Economist Igor Nikolayev agrees, adding that investors and others are particularly concerned about the possibility of sanctions targeting the nearly completed Nord Stream 2 gas pipeline from Russia to Germany.
"If there is an intensification of anti-Russia sanctions, including some that directly touch export revenues, that will be a blow to the ruble," he said.
Nikolayev says the pressure on the ruble built up when the central bank lowered a key interest rate to 4.25 percent in July, causing investors to shun ruble bonds and drive down the value of the ruble.
"That interest rate has never been at such a low level before," he said. "The weakening of the ruble was started by the authorities themselves because it was useful for them because of the budget deficit."
Russian Deputy Finance Minister Vladimir Kolychev told Reuters in July that the budget deficit could reach 5 percent of GDP in 2020 because of government spending to support key sectors of the economy during the pandemic.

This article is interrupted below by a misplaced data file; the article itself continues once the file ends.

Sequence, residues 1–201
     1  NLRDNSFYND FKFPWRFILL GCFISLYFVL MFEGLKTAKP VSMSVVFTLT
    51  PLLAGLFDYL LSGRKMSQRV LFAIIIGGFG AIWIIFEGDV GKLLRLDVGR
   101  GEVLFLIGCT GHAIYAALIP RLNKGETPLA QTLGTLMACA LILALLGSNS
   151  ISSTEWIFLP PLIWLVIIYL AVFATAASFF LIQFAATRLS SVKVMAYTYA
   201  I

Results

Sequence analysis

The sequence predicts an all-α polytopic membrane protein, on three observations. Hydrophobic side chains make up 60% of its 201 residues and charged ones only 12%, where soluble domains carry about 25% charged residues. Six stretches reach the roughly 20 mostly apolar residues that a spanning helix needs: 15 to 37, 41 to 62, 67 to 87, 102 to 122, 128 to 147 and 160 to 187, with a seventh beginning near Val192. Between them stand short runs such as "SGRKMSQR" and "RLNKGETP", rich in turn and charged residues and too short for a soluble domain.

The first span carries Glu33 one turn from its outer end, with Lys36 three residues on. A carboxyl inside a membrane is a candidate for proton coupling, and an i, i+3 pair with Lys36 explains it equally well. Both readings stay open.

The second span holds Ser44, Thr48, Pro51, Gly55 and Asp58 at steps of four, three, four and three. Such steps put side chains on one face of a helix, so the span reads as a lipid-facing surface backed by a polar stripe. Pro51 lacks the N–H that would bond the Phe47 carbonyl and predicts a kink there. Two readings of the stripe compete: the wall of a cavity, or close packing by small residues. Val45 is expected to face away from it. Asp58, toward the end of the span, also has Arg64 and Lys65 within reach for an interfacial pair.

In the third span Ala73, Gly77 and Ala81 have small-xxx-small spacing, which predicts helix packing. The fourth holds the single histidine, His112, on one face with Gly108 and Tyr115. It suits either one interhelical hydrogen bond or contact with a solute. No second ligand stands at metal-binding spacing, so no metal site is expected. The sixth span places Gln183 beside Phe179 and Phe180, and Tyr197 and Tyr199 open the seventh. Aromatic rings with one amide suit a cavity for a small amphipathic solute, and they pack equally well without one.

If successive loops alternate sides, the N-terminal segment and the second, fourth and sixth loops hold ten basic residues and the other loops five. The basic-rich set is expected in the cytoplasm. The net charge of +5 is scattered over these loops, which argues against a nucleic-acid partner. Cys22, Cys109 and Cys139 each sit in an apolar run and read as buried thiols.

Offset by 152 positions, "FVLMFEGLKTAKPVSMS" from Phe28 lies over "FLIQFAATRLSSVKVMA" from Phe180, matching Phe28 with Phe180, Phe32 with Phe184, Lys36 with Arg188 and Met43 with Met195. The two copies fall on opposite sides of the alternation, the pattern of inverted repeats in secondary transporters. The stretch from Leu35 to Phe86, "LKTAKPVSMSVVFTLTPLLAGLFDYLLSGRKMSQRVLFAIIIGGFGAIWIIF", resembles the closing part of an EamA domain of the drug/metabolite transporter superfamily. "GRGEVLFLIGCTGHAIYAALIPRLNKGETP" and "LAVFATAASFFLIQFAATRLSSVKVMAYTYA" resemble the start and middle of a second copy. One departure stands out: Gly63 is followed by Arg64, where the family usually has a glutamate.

"We've seen how disastrously export revenues have decreased this year but the government still needs to meet its obligations, in addition to its anticrisis measures," Nikolayev said. "So from a smaller and smaller number of oil dollars, the government wanted to squeeze more and more rubles."
But the Navalny poisoning in August was something "the Bank of Russia hadn't counted on" and the pressure on the ruble mounted, he added.
"As a result, the situation got out of control and now the government has to do something else," Nikolayev said. "So it is selling more foreign-currency reserves."